Richard Tan of Orlando, Florida, knows the health risks of black mold firsthand. He lost two family members and his mother was badly sickened before black mold was found behind their home’s air conditioning unit. A certified mold assessor and building inspector who frequently testifies in the courtroom, Tan admits that when it comes to mold, he’s not objective: “Mold kills—people don’t realize it’s a very serious problem,” he says.
Mold grows everywhere in the U.S. but is most prevalent during the summer in the Southeast and in Northern states (even Alaska!) during the winter. Mold grows outside on wood and plants and enters our homes, offices, and commercial buildings when we open windows and doors. Most molds need moisture and grow in damp, dark places like under a leaking pipe.
But with some molds, moisture is not necessary. “Molds can grow in perfectly dry basements, especially when it’s humid or rains frequently,” notes Rick Brownlee, owner of Floodmasters in Rockville, Maryland.
When it comes to detecting mold, let your nose lead the way.
Tour your home, especially closed off areas (like closets and basements) and take a deep breath. Molds give off a musky odor that you’ll detect (depending on the type of mold) and will look like spots climbing up a wall or running through carpeting.
Another approach uses your memory. How do you feel in certain areas of your home or office? Do you get headaches? Have an allergic reaction? “Those can be signs that you’re encountering mold, even if you can’t see it,” Tan explains. In a large office building, for example, the air conditioning could circulate mold from a basement to every floor.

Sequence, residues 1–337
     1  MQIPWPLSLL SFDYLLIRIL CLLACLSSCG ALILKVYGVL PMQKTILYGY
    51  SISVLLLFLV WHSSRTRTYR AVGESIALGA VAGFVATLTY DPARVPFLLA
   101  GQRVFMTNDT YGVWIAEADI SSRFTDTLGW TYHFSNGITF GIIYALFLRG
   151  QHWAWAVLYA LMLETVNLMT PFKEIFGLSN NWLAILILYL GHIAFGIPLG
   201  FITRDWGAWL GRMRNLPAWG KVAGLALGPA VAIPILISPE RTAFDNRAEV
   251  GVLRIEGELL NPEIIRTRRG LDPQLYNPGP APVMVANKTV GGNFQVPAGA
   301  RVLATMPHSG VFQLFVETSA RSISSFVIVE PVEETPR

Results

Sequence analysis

If mold is found in a small area, Brownlee recommends cleaning with a bleach solution of no more than 1 cup of bleach in 1 gallon of water. But if you suspect black mold (which is highly toxic) or the mold has spread into the sheetrock, bring in a professional.
Brownlee recommends using a licensed, certified, and insured mold inspector who will perform indoor air quality assessments and provide you with detailed written reports, including certified laboratory results on the type of mold found. And to control future mold growth inside your home:
If you are evaluating a property, be aware of musty odors and look for signs of water damage. Check carpeting, baseboards, and other surfaces carefully. If you see mold, carefully consider the health and financial risks you could be taking. “We’ve had instances where someone buys a foreclosure property only to find it’s full of mold and has to spend a lot of money tearing out walls and floors,” says Tan. “That’s something you really want to avoid.”
What’s most important, experts say, is to take action immediately when you see or smell mold.